Top 3 Pizza Places in Manchester

I love pizza. Those of you that have been on a pizza date with me will know that I usually ALWAYS order a margarita. Why? Because it is almost impossible to make a bad margarita. Below, in no particular order, are three pizza places in Manchester that make me happy to stray away from my safe yet satisfying safety net of cheese and tomato.

Solomons Cafe Bar – Withington

Wholesome and homemade. Here, I pick pepperoni every time. The cheese, the sauce, the meat, the base – all equate to the ultimate feel good treat. These pizzas could almost be described as the love child of an American and an Italian Pizza; Not too heavy. Not leaving you feeling too guilty, but still giving you the satisfaction of a good cheat day.

Slice – Northern Quarter

Stylish and sophisticated. Thin based, snack sized rectangles with a variety of bespoke toppings. My favourite is the proscuitto, buffalo mozzarella, rocket and tomato. The quirky toppings make you want to mix and match. Why have one, when you can have three?! Not only is the pizza ‘buono’, they also serve gelatos and coffee. I love this place because it leaves me with memories of my summer in Sardinia – Oh how I miss Italy…

23rd Street – Fallowfield

Sometimes you just want to get down and dirty. This is my go to, non chain takeaway pizza. Affordable and rectangular – yes please. It also looks really cool on snapchat… Not that that matters or anything! For those who prefer the more conventional circular pizza, they sell a mahoosive 20 inch pizza, that will knock you back in terms of any progress you’ve made in the gym that week. It sure tastes good though, so why not? The only thing that keeps 23rd Street from becoming the takeaway of takeaways is the fact that they don’t have curly fries. Hint hint.

Sugar tax is great, but does it really get to the root of the problem?

Those of you that know me know that I have more than just a sweet tooth. Some of you may even describe it as an addiction.

I’m sure I’m not the only one that can go overboard with sugar. If we are to class sugar as an addiction, will raising the prices of sugary food really do what the government want?
The whole notion of an addiction is that one will do ANYTHING to feed that habit.

Instead of a sugar tax, perhaps there could be government subsidised good quality sporting classes.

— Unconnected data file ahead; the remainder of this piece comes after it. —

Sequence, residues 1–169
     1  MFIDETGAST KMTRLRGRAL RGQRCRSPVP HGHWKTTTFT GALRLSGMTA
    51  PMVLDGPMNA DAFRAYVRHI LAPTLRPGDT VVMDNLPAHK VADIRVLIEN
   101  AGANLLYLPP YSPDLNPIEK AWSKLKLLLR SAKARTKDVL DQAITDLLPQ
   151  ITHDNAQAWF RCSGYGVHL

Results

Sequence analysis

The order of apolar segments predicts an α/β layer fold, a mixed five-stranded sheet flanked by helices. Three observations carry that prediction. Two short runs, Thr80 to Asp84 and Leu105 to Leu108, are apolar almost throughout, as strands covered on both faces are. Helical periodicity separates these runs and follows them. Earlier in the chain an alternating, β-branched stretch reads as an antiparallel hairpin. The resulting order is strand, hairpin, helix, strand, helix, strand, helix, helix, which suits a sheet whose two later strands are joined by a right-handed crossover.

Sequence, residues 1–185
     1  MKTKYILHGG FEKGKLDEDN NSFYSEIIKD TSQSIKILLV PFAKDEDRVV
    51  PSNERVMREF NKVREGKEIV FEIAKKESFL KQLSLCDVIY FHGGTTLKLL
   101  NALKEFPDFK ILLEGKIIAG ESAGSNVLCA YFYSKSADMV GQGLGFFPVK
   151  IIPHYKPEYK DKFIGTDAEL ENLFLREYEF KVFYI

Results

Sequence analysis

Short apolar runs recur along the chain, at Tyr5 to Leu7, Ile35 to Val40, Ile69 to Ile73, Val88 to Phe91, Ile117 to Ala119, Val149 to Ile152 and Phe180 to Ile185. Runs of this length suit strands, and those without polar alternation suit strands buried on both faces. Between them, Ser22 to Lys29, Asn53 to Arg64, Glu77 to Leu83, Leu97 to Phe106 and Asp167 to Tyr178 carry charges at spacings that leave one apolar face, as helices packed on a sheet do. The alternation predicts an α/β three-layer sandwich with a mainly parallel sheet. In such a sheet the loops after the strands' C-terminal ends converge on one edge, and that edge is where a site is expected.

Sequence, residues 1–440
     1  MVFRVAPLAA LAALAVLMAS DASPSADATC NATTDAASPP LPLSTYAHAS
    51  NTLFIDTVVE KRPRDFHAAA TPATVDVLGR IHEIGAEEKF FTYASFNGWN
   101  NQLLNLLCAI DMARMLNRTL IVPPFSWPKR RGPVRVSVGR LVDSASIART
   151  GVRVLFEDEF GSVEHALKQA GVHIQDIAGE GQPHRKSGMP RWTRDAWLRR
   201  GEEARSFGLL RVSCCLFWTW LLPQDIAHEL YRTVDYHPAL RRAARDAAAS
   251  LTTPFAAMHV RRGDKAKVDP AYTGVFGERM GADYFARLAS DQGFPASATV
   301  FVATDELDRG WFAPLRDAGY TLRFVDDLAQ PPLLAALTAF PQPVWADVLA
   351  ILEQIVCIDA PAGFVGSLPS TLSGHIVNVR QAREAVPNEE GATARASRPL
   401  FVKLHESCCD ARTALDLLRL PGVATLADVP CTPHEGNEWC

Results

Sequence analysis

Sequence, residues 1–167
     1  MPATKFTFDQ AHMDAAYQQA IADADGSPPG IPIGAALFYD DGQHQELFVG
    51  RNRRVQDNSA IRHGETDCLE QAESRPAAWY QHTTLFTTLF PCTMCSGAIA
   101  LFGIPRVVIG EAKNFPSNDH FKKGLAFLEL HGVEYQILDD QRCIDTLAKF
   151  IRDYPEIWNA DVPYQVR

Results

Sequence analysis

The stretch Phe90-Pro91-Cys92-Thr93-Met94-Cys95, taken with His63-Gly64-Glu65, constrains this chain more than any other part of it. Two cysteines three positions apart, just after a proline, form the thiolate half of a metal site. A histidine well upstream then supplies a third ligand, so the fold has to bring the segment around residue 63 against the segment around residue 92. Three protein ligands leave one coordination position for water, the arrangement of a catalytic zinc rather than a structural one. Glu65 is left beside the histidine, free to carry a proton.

I have found that the more active I am, the more healthy I want to be overall. The more I train, the less I want sugar.

Two and a half months on from leaving a heavily subsidised athletics group and only now have I realised the cost of being healthy.

I paid £220 for a fun and challenging 8 week boot camp with Nathan Cockroft. It was the best thing I’ve tried out so far. As a student I wouldn’t be able to support that for a whole year; £10 for a one off hot yoga session; One of the cheaper classes I found was Thai boxing at £4. The only problem was that I’d have to get two buses to get there. Two buses that wouldn’t be covered by my bus pass, not to mention the time spent travelling. Time that I struggle to find after uni, coaching, waitressing and Netflix.

The sport I can do for free is great, I love to run and do circuits in the park. But following numerous attacks in Manchester parks on runners, I wouldn’t want to train on my own with that fear. 

We can’t be beaten by the bullies though. It is encouraging to read that there is a meet up in Fog Lane park this Saturday, as a response to a recent attack, to give sporty people an opportunity to train together.

At the end of the day it’s down to us. If we can’t afford a class, prioritise – Do you really need those expensive shoes? If the answer is yes, which it usually is for me. Stop complaining. Get a few friends together and go to the park. Do YouTube circuits. 

Do something.

I don’t know what to do with myself..


 2 and a half months on and I’m beginning to regret my decision.
The past week i have met with a few old friends. The conversation goes like this every time, them: “how’s running going?” Me: “I don’t run anymore, I just couldn’t find that hunger to run well.” Them: “I can’t believe that. You were so determined/dedicated/talented.” Me: “ughhhh.”

Maybe they are right.

I don’t know. Yes there is element of truth. Yes I do miss it. But there is more to me than that. What I do really miss though is the constant gratification that you get from running. Good races and bad races both make you feel really really alive. You have something tangible to respond to.

university is great. We have mocks, we get markers of where we are, but the adrenaline rush isn’t there. I find myself feeling bored.

So, I’ve decided to set myself a goal. Potentially a sporting goal. It needs to be something that will challenge me physically and mentally. If anyone has any ideas, please let me know!

Diane.

I love you Diane.

I remember when we moved back from Norway. I was so shy. You dragged me out and knocked on every door on our road to try to help me find some children to play with. At the time I was filled with embarrassment.

Now I’m just proud of you.

A few months ago you beat me in a race. A few people approached me suggesting that I should be embarrassed.

I was in fact filled with pride. Not many 20 year olds have mothers that can put themselves on the line in a race against their own daughter.

As a child I remember watching you do interval sessions in Alberquerque. You looked so fast, yet so easy.

15 years later and you’ve managed to evolve and be great in a new field, building up your own charity into something really special. Your work hasn’t just been recognised by me, but also by your peers IOD NW Director of the Year – yaaas!

You did good Di.

Thanks for inspiring me.